My Biggest Tips for Photographers Traveling to A Destination Wedding
When I first started photographing destination weddings and engagement sessions abroad, I had so many questions and didn’t know who to ask. Most of what I know now I figured out on my own or by picking up little tidbits here and there from other photographers. I’ve had a few friends lately asking for tips for traveling to destination photo shoots (weddings, engagements, etc.) so I decided to put it all down in writing for anyone who’s currently struggling with those same questions.
1. What camera gear should I take when flying to a destination wedding?
Choosing what gear to bring to a destination wedding is tricky because packing everything into carry-on bags (I only ever travel with carry-on, further down I explain why) limits what you can bring. It forces you to cut down to the essentials and get crafty with how you shoot a wedding day (goodbye 70-200mm, and macro lens). Not everyone will approve, but I am not above buying camera gear from reputable sellers on Amazon. Below I’ve included Amazon associate links to my gear and some of the sellers I bought it from. I shoot both film and digital, so I always bring both. When traveling internationally for weddings, this is the gear I always have with me:
Contax 645 with 80mm f/2.0 (sometimes I’ll bring my 45mm f/2.8) (with several additional batteries)
Nikon D850 (with appropriate cards, batteries, and charger)
Nikon D810 (with appropriate cards, batteries, and charger)
SB 910 Speedlight (I bring two of these)
I pack all of this into my ThinkTank carry-on (goes into the overhead bin) and Longchamp Le Pliage Expandable (although I never expand it because when expanded it doesn’t count as a “personal item”). This bag is, however, the only bag I’ve found that both fits under the seat in front of me AND has room for my Simply Rooted styling surfaces.
Now that I’ve mentioned by two bags, I should note that I prefer to split my gear between these two bags instead of packing it all into my ThinkTank. I’ll pack my Contax 645 and D810, 35mm and 50mm in my ThinkTank, but I’ll carry my D850 and 85mm, film and light meter in my “personal item” bag. Not only does this help evenly distribute the weight but it also splits my gear so that should one of my two bags get inspected upon landing in my destination country at immigration, having less gear in each makes me look more like a photography hobbyist than a professional photographer traveling to a foreign country for work without a work visa. Some countries care more about this than others but I tend to air on the safe side. Also, I simply cannot lift my full ThinkTank with all of my gear in it into the overhead bin by myself. I then split my clothing between these two bags, and that’s it. I pack exceptionally light. The fewer items of clothing I bring the more room for gear I have.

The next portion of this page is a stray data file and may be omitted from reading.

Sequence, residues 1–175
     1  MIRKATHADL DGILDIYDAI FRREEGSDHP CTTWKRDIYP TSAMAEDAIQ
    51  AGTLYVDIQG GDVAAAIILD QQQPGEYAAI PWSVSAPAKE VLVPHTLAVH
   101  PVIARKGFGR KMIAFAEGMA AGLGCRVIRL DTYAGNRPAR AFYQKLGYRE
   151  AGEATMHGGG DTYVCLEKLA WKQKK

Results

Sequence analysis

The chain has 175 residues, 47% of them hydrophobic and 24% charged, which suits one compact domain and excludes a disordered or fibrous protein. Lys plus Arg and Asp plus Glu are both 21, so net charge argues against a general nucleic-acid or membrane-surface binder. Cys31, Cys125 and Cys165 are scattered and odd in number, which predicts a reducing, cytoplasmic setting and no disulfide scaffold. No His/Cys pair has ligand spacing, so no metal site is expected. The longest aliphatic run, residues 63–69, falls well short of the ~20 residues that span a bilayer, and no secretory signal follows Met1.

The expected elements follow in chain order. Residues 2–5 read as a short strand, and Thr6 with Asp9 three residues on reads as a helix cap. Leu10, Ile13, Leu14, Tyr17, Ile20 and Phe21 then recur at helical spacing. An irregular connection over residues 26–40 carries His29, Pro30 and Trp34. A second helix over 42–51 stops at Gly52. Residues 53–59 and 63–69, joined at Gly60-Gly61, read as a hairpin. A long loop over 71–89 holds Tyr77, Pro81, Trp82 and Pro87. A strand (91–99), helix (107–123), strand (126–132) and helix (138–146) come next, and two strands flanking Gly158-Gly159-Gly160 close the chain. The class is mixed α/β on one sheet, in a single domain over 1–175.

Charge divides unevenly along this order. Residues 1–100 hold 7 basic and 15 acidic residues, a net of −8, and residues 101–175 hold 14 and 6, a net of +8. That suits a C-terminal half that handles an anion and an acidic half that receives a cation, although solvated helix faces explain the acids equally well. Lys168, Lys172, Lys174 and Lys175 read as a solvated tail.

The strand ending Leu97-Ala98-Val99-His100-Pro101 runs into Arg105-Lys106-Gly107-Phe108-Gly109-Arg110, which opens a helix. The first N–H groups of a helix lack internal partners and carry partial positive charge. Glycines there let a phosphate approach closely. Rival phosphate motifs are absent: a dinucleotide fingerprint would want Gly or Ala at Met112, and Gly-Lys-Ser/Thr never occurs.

2. Is it ok to check camera gear?
NEVER check your gear or anything that you’ll need on the wedding day. Your gear is extremely fragile and when it’s checked, you have absolutely no control over how it’s treated. You also run the risk of your bag getting lost. I once carried all of my essentials on board (camera bodies, film, lenses, etc.) but checked my extra batteries, chargers, and styling pieces. My bag didn’t make the connection, got lost, and ended up in London instead of France. Fortunately, since I flew in a several days before the wedding, I was able to pick my bag up at the airport the day after I arrived and still had two days to spare before I needed it. Because I flew in so early, I also would have had time to find the closest camera store if I’d had to.